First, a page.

Food grade essential oils can be used in cooking and beverages – enhancing flavor and providing a boost to health. All of  essential oils are high quality and those essential oils which come from edible plants (such as lemon, basil, thyme, oregano, marjoram, wild orange, etc.) are safe to use internally.

The easiest way to begin cooking with aromatherapy oils is to substitute the essential oils in recipes that call for dried herbs, spices or fruit juices. Simply replace these ingredients with the companion essential oil.

At first glance, using Essential Oils in cooking may seem complex, on the contrary, it is very easy once you learn the basics. The most important thing you need to remember is that these are undiluted and super pure essential oils, as such they are extremely potent – far more potent than any other ingredient you’ve ever used in the kitchen before. And particularly more potent than any other brand of essential oil you have used before.
For instance, 1/2 a drop or one drop may be enough to adequately flavor a big pot or bowl of your favorite recipe. With that in mind, continue reading the basics…

Essential Oils are More Potent than Dried and Fresh Herbs
Because our essential oils are concentrated, Essential Oils are from 50 to 70 times more therapeutically potent than the herbs or plants they are derived from. Unlike dried herbs, which lose up to 90% of their healing nutrients and oxygen molecules, essential oils do not. Best of all, 100% pure, food grade Essential Oils are freely available and safe for cooking and home use.
There are approximately 60 drops of essential oil per teaspoon while this may not seem like much it is important to remember this example – just “one” drop of peppermint oil equals about 28 cups of peppermint tea.
Members of my family have been using fresh and dried herbs for cooking and medicinal purposes for decades and when I discovered this information about essential oils an entire world opened its door to me. This also explained why our herbal preparations and herbal supplements for healing purposes would take so long before we would see results – it’s because there is so little essential oil in the dried herb, or I would have to consume enormous amounts of a fresh herb to equal one drop of dōTERRAs essential oil.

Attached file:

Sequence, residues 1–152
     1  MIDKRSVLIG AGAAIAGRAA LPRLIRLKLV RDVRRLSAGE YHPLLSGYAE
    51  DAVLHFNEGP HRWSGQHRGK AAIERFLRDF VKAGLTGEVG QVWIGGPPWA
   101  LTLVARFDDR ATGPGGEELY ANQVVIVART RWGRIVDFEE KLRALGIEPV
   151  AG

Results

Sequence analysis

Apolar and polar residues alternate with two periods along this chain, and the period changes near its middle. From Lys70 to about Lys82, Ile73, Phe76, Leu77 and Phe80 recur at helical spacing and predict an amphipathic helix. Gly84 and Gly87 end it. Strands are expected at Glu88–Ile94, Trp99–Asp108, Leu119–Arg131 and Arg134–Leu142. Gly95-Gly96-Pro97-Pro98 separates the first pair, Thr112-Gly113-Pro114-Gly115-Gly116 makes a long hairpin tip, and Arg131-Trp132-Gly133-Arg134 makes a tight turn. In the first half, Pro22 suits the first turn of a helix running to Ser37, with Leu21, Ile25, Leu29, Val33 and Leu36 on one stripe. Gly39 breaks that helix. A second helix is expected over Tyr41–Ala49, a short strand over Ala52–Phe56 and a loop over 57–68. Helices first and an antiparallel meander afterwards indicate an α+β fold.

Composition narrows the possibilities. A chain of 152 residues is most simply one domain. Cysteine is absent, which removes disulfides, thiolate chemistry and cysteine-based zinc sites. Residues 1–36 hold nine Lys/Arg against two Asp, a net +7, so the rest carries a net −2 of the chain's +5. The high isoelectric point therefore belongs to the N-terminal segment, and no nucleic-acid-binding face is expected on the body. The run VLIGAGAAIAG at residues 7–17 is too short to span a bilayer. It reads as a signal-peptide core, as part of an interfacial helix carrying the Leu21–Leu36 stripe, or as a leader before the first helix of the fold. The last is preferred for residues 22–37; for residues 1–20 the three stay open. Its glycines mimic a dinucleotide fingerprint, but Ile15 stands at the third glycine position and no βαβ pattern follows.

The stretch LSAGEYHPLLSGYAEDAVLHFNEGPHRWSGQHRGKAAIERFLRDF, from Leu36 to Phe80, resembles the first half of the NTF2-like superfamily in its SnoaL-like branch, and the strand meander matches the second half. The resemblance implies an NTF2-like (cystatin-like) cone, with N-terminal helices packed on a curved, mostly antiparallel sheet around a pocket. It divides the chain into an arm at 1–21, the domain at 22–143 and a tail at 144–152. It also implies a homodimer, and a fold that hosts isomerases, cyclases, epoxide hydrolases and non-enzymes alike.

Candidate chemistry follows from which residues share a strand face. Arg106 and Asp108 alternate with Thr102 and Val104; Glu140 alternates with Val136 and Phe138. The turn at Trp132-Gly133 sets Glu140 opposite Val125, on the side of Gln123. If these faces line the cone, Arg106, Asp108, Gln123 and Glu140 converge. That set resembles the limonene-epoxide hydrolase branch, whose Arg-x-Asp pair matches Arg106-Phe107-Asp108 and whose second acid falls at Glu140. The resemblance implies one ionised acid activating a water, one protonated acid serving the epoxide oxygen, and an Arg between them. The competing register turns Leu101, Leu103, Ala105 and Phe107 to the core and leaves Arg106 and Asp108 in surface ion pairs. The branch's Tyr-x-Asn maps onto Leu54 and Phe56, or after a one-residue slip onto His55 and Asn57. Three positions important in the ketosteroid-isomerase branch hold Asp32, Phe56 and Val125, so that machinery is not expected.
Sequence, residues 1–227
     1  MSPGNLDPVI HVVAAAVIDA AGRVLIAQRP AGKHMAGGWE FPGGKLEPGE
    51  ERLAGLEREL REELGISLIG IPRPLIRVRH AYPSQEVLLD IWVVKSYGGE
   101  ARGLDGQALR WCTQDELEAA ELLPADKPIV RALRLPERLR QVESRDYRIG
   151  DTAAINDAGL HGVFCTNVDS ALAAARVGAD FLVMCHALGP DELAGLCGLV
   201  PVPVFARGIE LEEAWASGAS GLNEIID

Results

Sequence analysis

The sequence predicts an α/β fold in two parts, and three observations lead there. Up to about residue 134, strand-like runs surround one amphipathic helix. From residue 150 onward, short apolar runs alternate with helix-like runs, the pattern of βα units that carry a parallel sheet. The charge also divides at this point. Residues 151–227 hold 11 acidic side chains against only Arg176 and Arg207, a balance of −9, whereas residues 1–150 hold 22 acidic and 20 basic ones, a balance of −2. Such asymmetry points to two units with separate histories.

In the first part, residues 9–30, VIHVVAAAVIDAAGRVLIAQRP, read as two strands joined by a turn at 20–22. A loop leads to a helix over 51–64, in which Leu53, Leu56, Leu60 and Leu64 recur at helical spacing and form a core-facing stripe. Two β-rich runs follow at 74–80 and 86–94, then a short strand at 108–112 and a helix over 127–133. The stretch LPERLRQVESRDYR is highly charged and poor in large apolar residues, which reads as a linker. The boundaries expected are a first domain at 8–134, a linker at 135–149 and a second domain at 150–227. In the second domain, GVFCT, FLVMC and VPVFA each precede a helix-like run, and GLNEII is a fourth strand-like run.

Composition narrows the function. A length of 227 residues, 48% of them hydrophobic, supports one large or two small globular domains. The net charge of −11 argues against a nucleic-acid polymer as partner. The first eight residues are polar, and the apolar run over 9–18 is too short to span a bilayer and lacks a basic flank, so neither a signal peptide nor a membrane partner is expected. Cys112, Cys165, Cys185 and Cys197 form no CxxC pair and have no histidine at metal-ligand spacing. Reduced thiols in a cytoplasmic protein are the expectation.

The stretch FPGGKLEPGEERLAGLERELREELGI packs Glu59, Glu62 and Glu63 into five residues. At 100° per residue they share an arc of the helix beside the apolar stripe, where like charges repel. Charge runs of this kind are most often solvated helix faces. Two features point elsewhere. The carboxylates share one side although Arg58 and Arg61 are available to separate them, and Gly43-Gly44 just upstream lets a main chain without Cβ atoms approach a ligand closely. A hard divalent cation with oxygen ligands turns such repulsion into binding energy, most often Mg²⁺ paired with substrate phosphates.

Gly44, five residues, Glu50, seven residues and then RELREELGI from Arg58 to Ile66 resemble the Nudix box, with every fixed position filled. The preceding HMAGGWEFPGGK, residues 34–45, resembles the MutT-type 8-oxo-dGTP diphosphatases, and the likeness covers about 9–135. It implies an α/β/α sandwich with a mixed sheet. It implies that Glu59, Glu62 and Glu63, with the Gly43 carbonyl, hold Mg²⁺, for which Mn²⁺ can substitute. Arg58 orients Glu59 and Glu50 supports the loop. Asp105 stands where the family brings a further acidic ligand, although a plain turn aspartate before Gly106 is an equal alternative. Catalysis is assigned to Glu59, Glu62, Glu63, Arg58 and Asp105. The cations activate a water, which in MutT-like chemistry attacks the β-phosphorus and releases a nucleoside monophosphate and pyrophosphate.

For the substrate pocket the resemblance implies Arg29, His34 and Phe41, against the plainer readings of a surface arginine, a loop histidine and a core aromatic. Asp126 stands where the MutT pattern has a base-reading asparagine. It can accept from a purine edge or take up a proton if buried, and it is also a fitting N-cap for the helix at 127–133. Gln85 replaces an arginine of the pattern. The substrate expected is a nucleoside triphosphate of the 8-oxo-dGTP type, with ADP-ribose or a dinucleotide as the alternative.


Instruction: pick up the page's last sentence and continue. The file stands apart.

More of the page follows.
So while this was great news and music to my ears, I still needed to spend a little time understanding how to substitute the essential oil for the dried or fresh herb.

Interesting Fact
Essential oils have a chemical structure that is similar to human cells and tissues. This makes essential oils compatible with human protein and enables them to be readily identified and accepted by the body.

How Not to Waste Your Essential Oils or Ruin your Recipe
Always, start off using a single drop so as to not waste your essential oil, you can always add another drop if needed.

Dried Herb / Essential Oil Measurement Guideline
When a recipe calls for less than a teaspoon of an herb or spice, dip a toothpick in the center of the dripper cap and then swirl the toothpick in your recipe or beverage.
Always use the “Toothpick Method” for cinnamon bark oil, clove oil, ginger oil and oregano oil because the aromatherapy oils are much stronger that their companion spices.

Citrus Zest or Juice Measurement Guidelines
When using a  essential oil in place of the zest of “one” lemon, orange or tangerine – you can use 8 to 14 drops of its companion essential oil. Example: Zest of “one” lemon, orange or tangerine = 8 to 14 drops of its companion essential oil.

Spices / Essential Oil Measurement Guidelines
One Tablespoon dried spice/spicy herb = 1/2 to ‘one’ drop of  essential oil.